Have you ever watched the show, American Idol? It’s a music competition that selects the
best singer. The contestants have to compete with one another and in the end, America gets to
vote who the winner is. It’s called American idol because it’s insinuating that you want the
person you like, admire, or feel is the most talented to win.


In our walk with God, we too might have Christian “idols”- people or leaders who we love and
respect. Some we would even say are people who have changed the trajectory of our life. We
have read their books, donated money, watched their videos. They inspire us to be better for
God. But what do you do when you learn that the same person you supported falls from grace? When
you discover a secret life about them, as stories and evidence surface? I’m not talking
about small things. I’m talking about big things like sexual abuse and affairs, money, greed, and
fraudulent activity. In a nutshell, scandals.


When we learn about their private lifestyle we are prone to call these people “fake”. That
is true, they said one thing but lived another way. But what I also find equally interesting is when
these people fall from grace, why do we feel it is okay to point out their sin, but we overlook our
sin? Sure our own sin was not publicly exposed like them, but somehow we think we get a special
exemption, even though we know God knows and sees everything that is going on in our life.
You know, we have a word to describe this behavior where we say one thing but do another- it’s hypocrisy. If we’re going to point fingers at other people then we need to also reflect on ourselves.
That’s why I would rather be under the wrath of God rather than the wrath of a person. Because
when I come to him with my sin or my struggle, I am met with grace.


If I choose to exercise empathy, I believe that some of these fallen people that we’ve looked up
to and who led secret lives desperately wanted help. Desperately wanted to handle the
trauma or pain in their life in a different way. Maybe they couldn’t find someone to talk to. Maybe they couldn’t find a place where they would be met with grace. Instead, they knew that if they exposed their sin they would be met with shame and guilt. They wanted to be transparent but knew that they would be condemned instead.


Maybe that’s why David said the following when he messed up and sinned against God. David
said, “I am in deep distress. Let us fall into the hands of the Lord, for his mercy is great; but do
not let me fall into human hands.” (2 Samuel 24:14)


This is a powerful statement. David says God’s mercy is great but do not let me fall into the hands
of humanity. Why did David say this? Because he knew with humanity he would be condemned.
The same with us. Instead of receiving grace, our sin will be talked about. Fingers are pointed at
us. Judgment is spewed in our faces. Words of criticism ring loud and true. And instead of
hearing the words “I didn’t know you were struggling with this, how can I help you?” or “Let’s confess it to God” or “You’re going to get through this” we sometimes hear things like, “You’re
a bad person. I want nothing to do with you. What you did was unforgivable.”


But these statements are lies because nothing is beyond God’s grace. Absolutely nothing. Not
what you did 5 years ago, 10 years ago, or even today. And we see it over and over again in the
Bible that when grace meets sin, grace always wins.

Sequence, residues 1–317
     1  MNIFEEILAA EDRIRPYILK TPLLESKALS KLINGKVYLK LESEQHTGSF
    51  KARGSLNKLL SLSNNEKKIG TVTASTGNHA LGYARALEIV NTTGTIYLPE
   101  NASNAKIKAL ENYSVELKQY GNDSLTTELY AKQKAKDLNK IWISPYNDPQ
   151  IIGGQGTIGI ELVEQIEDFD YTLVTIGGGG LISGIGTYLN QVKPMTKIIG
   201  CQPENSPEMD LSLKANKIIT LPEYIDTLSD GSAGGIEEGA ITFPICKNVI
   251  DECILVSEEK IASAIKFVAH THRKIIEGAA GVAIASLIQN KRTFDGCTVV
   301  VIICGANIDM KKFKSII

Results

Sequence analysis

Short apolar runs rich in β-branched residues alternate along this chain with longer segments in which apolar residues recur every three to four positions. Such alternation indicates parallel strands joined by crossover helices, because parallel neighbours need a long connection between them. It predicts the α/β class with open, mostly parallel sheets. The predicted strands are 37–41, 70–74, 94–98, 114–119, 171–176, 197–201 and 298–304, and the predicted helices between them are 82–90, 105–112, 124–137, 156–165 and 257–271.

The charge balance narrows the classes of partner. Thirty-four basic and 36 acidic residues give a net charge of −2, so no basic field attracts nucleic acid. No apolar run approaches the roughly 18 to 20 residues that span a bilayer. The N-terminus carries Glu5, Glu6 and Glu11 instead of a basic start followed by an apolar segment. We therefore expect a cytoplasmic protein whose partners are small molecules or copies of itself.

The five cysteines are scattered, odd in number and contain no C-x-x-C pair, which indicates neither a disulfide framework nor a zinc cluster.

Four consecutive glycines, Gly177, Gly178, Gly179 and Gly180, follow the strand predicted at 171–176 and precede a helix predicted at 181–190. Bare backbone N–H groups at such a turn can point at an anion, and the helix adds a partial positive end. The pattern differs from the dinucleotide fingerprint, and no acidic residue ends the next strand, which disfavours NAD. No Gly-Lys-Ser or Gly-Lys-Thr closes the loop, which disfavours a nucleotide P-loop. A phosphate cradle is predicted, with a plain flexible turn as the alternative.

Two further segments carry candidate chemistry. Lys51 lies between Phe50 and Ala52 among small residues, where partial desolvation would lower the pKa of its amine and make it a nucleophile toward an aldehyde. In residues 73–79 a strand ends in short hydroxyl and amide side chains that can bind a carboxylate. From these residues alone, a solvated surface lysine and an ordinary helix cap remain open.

When the woman who committed adultery was supposed to be stoned grace showed up and she
was spared -she left her life of sin. When Zacchaeus the tax collector was up on a tree, Jesus invited himself to Zacchaeus’ house and Zacchaeus was saved. When Moses had no business leading the
Israelites out of Egypt because he murdered someone he was called by the “I am Who I am” and was
changed by grace. When Paul the Christian terrorist realized he was wrong, he said he was the
least of the apostles and not fit to be one, but by God’s grace, he was to spread the gospel. What about Noah the drunk, or Mary the woman possessed by 7 demons? What about Rahab the prostitute, or Abraham the liar?


All of these people sinned and yet God used them. Not because they were good, not because they
earned it, but because of grace. Grace is the reason we are changed and saved. It’s the reason we move from wanting to sin to doing what is right. It’s the air we breathe when we are gasping. It’s living life because we are made new.


We see this picture of grace on the cross when our pure, holy, and righteous God stepped down
from heaven and clothed himself in human flesh. In fact, grace has a name. His name is Jesus Christ.
Jesus took upon himself what he did not do. He who had no sin became sin for us. He shed his
blood and broke his body for us. His death and his resurrection is the power we live by because grace is made visible for all to see. I will not try to understand why God could love me like that. Nor will I not try to fight it. But if I embrace it I will meet grace.


Maybe you’re struggling with sin right now and you think you’re worthless and cannot be used
by God, I beg you to go to God you will see his grace. Maybe you know someone who has sinned and you’ve been giving them a hard time. You have been critical, judgemental, and have said some very cruel and mean things. Go to God and ask him to forgive you of your behavior. But after making things right with God, then go extend that same grace you received from God to the person who has fallen from grace.


Our job is not to stop the flow of grace but to let it spread and help someone else.
Because when grace meets sin, grace will always win.

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